Through these " open doors " she gives us glimpses in turn,— of Surrey, with its stretches of pines, and gaily coloured gardens ; of the broad cornfields of Salisbury Plain, with
"the lights and shadows chasing each other as
smiles come and go on a woman's face; " of the Cornish sea- board, with "its echoes of the poetry and romance of past ages," where we make acquaintance with a delightful vicar of , other days, who talked to the birds and believed in the evil- eye, and was good and true and manly and pious, and as much beloved as he ought to have been; and of Grasmere, where she sat among mountains and tarns and read Matthew Arnold's poetry, and made some good reflections on the differ- ence between it and that of Shelley. Here are some good stories from the Cornish sketch :—
" Tristram Pentire was 'the last of the smugglers ; ' it was in vain that Mr. Hawker [the good Vicar mentioned above] tried to persuade him that a revenue-officer or gauger' was a lawful authority. The Vicar found that in defending the law he had much offended the law-breaker. There had been divers parsons,' he • Through London Spectacles. By Constance ,Human. London: Smith, Elders assured me, in his time in the parish, and very learned clergy they were, and some very strict; and some would preach one doctrine and some another ; and there was one that had very mean notions about running goods, and said 'twas a wrong thing to do; but even he, and the rest, never took part with the gauger —never !' The waves beat fiercely on those pitiless cliffs, the scanty hedgerow-trees have their heads bent to one side by the prevailing south-westerly gales, and the tale of wrecks is large. In olden days the coastmen hung out false lights to lure ships on the rocks, and rejoiced when a good vessel went to pieces. I do not see why it is,' said a Cornish clerk one day, why there be prayers in the Buke o' Common Prayer for rain and for fine weather, and thanksgivings for them and for peace, and there's no prayer for wrecks and thanksgiving for a really gude one when it is come !' It was in those days that the minister of a parish is said to have held a leathern while his congrega- tion effected 'a landing,' and that a cargo of kegs was hidden under the benches of the church. We bribed the sexton,' so the legend ran, 'and we had the goods safe in the seats by Saturday night. The parson did wonder at the large congregation, for divers of them were not regular churchgoers at other times ; and if he had known what was going on, he could not have preached a more suitable discourse, for it was, "Be not drunk with wine. wherein is excess." One of his best sermons ; but there, it did not touch us, you see, for we never touched anything but brandy or gin."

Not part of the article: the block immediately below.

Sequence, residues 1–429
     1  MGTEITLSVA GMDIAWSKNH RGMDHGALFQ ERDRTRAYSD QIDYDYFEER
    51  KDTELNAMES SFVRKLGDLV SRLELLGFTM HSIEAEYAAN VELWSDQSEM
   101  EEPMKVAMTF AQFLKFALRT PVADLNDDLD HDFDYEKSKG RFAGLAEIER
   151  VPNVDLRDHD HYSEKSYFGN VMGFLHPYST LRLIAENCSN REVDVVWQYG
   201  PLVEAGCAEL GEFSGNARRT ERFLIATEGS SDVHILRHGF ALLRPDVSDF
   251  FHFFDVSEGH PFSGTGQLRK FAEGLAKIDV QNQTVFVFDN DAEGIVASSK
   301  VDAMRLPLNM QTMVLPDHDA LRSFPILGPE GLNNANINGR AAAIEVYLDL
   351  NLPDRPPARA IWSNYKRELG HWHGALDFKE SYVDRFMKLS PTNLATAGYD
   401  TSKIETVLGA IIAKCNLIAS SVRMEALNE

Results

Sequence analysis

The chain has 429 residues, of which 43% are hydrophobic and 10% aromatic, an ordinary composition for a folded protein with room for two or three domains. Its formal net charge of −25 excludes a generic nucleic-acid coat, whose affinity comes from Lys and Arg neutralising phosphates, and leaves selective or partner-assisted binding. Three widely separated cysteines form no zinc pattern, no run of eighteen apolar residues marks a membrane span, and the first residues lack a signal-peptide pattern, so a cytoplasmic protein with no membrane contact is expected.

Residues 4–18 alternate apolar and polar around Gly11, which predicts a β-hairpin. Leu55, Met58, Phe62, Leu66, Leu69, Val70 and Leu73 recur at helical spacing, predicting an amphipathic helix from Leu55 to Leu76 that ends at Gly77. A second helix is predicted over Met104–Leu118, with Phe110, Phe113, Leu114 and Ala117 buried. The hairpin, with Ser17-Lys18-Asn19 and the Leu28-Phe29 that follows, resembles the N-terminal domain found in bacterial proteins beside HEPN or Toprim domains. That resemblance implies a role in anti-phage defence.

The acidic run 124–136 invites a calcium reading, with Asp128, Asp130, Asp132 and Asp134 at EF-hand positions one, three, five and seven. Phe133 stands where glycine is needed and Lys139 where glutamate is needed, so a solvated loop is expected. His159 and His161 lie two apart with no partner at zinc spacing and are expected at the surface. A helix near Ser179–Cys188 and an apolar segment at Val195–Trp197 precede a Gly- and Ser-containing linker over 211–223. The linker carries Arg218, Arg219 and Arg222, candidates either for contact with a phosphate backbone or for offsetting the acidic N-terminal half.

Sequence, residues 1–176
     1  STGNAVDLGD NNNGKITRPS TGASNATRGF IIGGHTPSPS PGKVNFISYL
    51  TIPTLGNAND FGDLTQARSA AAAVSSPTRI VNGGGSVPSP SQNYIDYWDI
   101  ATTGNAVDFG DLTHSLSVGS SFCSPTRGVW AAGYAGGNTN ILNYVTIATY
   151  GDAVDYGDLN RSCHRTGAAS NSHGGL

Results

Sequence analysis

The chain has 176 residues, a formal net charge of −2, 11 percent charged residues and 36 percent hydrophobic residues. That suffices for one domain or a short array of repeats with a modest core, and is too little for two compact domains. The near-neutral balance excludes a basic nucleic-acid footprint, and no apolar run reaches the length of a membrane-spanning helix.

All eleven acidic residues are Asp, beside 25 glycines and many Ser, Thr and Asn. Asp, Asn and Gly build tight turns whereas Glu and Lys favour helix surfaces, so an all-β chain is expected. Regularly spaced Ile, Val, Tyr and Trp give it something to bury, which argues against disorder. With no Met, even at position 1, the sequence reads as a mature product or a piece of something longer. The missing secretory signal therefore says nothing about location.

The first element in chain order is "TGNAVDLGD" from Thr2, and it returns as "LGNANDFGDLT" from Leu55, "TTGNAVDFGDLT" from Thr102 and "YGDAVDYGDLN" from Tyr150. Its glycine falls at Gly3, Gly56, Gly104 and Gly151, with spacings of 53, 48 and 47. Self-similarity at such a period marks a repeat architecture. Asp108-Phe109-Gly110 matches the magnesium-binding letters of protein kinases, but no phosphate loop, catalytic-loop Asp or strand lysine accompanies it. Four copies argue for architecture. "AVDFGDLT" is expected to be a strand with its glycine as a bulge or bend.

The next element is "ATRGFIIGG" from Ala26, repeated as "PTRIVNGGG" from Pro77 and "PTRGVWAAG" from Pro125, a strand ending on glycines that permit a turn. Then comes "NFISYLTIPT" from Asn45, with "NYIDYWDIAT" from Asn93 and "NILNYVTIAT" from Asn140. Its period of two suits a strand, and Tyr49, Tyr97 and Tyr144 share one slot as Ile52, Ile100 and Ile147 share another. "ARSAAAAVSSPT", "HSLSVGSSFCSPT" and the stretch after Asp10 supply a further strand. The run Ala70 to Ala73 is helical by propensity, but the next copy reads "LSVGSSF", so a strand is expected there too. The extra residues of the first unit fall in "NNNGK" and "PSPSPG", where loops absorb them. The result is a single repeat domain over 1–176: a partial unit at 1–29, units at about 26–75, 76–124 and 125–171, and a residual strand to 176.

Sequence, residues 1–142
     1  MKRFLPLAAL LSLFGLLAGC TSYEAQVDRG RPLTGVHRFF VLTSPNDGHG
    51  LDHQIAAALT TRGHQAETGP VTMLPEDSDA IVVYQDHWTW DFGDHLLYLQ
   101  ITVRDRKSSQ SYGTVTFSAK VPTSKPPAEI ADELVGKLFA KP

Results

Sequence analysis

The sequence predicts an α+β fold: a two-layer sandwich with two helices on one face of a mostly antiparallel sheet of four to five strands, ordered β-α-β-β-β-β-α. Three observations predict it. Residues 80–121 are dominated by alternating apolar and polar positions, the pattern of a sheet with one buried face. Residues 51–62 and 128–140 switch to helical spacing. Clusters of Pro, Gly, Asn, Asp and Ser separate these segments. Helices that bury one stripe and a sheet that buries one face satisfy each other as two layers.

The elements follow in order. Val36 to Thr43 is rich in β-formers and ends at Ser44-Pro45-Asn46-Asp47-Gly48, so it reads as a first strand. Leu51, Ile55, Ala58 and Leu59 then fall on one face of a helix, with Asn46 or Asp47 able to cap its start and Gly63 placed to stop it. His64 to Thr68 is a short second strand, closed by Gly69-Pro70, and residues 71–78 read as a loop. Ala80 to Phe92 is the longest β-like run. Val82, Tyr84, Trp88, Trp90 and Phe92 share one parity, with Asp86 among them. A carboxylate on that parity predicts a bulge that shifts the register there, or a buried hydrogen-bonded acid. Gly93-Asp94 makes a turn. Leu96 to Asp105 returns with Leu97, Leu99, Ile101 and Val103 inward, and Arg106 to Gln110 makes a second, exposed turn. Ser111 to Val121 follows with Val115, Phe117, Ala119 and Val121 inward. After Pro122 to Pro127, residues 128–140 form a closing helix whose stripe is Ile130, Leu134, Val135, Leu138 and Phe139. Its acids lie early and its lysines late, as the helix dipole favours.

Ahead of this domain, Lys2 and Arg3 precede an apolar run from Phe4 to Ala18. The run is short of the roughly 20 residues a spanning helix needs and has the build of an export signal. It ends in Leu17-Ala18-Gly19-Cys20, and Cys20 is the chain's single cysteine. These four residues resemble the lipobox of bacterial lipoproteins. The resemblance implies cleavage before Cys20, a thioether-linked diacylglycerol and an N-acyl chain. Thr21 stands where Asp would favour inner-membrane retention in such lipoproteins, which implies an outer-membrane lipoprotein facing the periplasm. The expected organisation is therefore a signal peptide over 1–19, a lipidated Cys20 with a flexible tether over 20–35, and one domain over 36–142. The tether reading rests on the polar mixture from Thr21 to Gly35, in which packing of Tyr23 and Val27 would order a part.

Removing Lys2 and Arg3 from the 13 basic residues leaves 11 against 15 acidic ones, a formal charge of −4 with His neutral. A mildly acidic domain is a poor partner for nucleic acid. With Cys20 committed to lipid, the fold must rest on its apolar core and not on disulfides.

The entirely literary papers tell us about Sir Thomas Browne, the Duchess of Newcastle, Miss Burney and Miss Edgeworth, Charles Lamb's plays, and Old Ballads and Famous Tunes. But literary matters creep into most of the sketches, and so does an element of speculative philosophy of life and character. Some charming little poems scattered among the papers make not the least attractive pages of what is altogether a very pleasant and companionable little book.